Japanese singer-songwriter Junko Yagami, known for pop hits in the 1970s and 1980s, has seen success on YouTube, with a video of one of her singles released in 1983 earning over 7 million views and eliciting comments in multiple languages. In a contribution below, she reflects on the trend, and the influence Western music has had on her work.
My songs seem to have been well received around the world. On YouTube, my 18th single "Tasogare no Bay City" (Bay City in evening twilight), first released in 1983, has had about 7 million views, and comments have been posted in various languages such as English, Spanish and French. It's a genuine pleasure for me that even those who know nothing about the singer "Junko Yagami" are listening to the song. I've also noticed that not only my songs, but other artists' pieces, like Miki Matsubara's "Mayonaka no Door - Stay with Me" (Door at Midnight - Stay with Me) are also getting many plays.
"City pop" apparently refers to Western-oriented, urbane and sophisticated Japanese pop music that was trendy in the late 1970s to 1980s. But why do people now like a song that's nearly 40 years old? I think that many artists in Japan at that time, including myself, adored Western music. We were influenced by the latest Western music, wrote songs, and sang them. Simply put, "Tasogare no Bay City" is Western music. Therefore, people in Europe and the United States seeking comfortable music may have stumbled upon city pop, which "sounds like Western music" without realizing that it is music created by their "ancestors." If that is the case, it is like reimported music.
The influences of Western music from that era are still applied in my songs. Though it is a bit technical, my use of syncopation to write melodies is quite simply the same as in Western music. By dividing the beats into quarter notes or eighth notes and combining them, a tense feeling in the rhythm and a sense of speed and fun in the melody can be created. It is the opposite of standard Japanese pop in the 20th century, which did not often use syncopation.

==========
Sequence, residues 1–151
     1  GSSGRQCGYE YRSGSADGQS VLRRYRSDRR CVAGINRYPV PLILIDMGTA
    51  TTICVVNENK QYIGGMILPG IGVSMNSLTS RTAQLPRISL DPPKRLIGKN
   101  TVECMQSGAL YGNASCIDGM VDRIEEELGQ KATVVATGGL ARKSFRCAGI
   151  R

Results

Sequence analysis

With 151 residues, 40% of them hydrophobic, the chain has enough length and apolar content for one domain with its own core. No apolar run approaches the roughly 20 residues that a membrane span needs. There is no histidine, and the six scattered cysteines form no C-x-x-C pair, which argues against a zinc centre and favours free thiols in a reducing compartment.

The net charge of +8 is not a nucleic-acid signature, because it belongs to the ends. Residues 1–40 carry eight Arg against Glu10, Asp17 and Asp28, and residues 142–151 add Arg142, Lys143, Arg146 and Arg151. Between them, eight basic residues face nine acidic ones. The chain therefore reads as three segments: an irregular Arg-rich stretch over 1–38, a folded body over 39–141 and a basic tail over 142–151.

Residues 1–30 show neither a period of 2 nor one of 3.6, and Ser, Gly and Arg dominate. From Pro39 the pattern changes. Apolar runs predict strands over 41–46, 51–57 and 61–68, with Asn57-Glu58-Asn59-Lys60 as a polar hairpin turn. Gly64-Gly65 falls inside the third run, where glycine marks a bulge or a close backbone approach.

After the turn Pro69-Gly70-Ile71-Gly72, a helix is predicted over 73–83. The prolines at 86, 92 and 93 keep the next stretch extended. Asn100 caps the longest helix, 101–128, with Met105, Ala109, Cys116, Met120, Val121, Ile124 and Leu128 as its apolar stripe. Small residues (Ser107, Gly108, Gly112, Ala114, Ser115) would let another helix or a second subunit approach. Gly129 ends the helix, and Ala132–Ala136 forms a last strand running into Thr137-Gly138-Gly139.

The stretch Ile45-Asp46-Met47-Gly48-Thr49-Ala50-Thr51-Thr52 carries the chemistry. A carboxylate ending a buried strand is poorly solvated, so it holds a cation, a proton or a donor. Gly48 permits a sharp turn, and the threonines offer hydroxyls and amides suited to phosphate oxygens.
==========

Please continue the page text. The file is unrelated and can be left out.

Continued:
The most important thing I learned from Western music is intonation in songs. The simpler the backing track is, the better; and it is perfect when the rhythm and phrases completely match the main melody. Stevie Wonder's "Superstition" is a typical example. It is a given that a singer needs expressive ability, though.
Oddly enough, I moved to America, adoring Western music, and have spent half my life there, but now I am into singing "songs no one else can sing" in Japanese that touch Japanese people's hearts while pronouncing Japanese beautifully. Nonetheless, I think that the songs I write now will also probably be treated as "city pop" in the decades to come. That's because Western music has permeated my consciousness -- I only exist as I do because of Western music.
(Japanese original by Junko Yagami)
Profile: Junko Yagami
A singer-songwriter who was born in the central Japan city of Nagoya, Aichi Prefecture. Yagami debuted as a professional singer on her 20th birthday with a piece titled "Omoide wa Utsukushisugite" (The memories are too beautiful). She has numerous hit songs including "Mizuiro no Ame" (Sky blue rain). She moved to the United States in 1986, and resumed her stage career in Japan in 2012.